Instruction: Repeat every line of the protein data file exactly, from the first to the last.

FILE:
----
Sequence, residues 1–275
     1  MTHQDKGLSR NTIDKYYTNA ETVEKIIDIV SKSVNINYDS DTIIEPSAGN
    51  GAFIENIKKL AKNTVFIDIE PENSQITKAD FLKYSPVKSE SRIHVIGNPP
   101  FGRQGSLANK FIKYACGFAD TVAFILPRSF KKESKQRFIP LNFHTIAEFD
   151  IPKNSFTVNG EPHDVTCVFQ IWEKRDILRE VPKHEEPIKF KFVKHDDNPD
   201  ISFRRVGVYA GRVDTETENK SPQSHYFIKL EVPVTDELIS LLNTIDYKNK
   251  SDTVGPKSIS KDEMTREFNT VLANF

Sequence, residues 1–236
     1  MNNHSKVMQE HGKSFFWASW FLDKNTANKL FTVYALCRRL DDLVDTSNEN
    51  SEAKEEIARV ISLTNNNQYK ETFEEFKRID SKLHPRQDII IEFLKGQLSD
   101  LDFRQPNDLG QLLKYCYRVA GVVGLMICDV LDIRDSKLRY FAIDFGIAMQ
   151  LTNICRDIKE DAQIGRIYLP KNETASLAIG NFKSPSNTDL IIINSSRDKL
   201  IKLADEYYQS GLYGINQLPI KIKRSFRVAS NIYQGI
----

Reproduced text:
Sequence, residues 1–275
     1  MTHQDKGLSR NTIDKYYTNA ETVEKIIDIV SKSVNINYDS DTIIEPSAGN
    51  GAFIENIKKL AKNTVFIDIE PENSQITKAD FLKYSPVKSE SRIHVIGNPP
   101  FGRQGSLANK FIKYACGFAD TVAFILPRSF KKESKQRFIP LNFHTIAEFD
   151  IPKNSFTVNG EPHDVTCVFQ IWEKRDILRE VPKHEEPIKF KFVKHDDNPD
   201  ISFRRVGVYA GRVDTETENK SPQSHYFIKL EVPVTDELIS LLNTIDYKNK
   251  SDTVGPKSIS KDEMTREFNT VLANF

Sequence, residues 1–236
     1  MNNHSKVMQE HGKSFFWASW FLDKNTANKL FTVYALCRRL DDLVDTSNEN
    51  SEAKEEIARV ISLTNNNQYK ETFEEFKRID SKLHPRQDII IEFLKGQLSD
   101  LDFRQPNDLG QLLKYCYRVA GVVGLMICDV LDIRDSKLRY FAIDFGIAMQ
   151  LTNICRDIKE DAQIGRIYLP KNETASLAIG NFKSPSNTDL IIINSSRDKL
   201  IKLADEYYQS GLYGINQLPI KIKRSFRVAS NIYQGI